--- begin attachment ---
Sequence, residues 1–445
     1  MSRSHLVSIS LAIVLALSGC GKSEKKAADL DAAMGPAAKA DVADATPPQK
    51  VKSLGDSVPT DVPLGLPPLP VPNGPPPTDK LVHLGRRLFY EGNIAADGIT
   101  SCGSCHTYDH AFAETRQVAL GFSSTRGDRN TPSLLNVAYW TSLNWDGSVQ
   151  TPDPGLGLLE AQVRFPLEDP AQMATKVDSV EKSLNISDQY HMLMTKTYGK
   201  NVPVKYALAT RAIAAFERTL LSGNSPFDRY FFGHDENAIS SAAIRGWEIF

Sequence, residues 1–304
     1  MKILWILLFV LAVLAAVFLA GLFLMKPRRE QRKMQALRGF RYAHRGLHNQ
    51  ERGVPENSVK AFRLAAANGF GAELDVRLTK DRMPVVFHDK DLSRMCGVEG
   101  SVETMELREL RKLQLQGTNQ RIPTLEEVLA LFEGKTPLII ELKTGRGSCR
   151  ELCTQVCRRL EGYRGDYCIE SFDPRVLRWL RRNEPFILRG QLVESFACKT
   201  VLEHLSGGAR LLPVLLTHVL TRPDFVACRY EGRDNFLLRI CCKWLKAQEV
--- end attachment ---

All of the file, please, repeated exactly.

Sequence, residues 1–445
     1  MSRSHLVSIS LAIVLALSGC GKSEKKAADL DAAMGPAAKA DVADATPPQK
    51  VKSLGDSVPT DVPLGLPPLP VPNGPPPTDK LVHLGRRLFY EGNIAADGIT
   101  SCGSCHTYDH AFAETRQVAL GFSSTRGDRN TPSLLNVAYW TSLNWDGSVQ
   151  TPDPGLGLLE AQVRFPLEDP AQMATKVDSV EKSLNISDQY HMLMTKTYGK
   201  NVPVKYALAT RAIAAFERTL LSGNSPFDRY FFGHDENAIS SAAIRGWEIF

Sequence, residues 1–304
     1  MKILWILLFV LAVLAAVFLA GLFLMKPRRE QRKMQALRGF RYAHRGLHNQ
    51  ERGVPENSVK AFRLAAANGF GAELDVRLTK DRMPVVFHDK DLSRMCGVEG
   101  SVETMELREL RKLQLQGTNQ RIPTLEEVLA LFEGKTPLII ELKTGRGSCR
   151  ELCTQVCRRL EGYRGDYCIE SFDPRVLRWL RRNEPFILRG QLVESFACKT
   201  VLEHLSGGAR LLPVLLTHVL TRPDFVACRY EGRDNFLLRI CCKWLKAQEV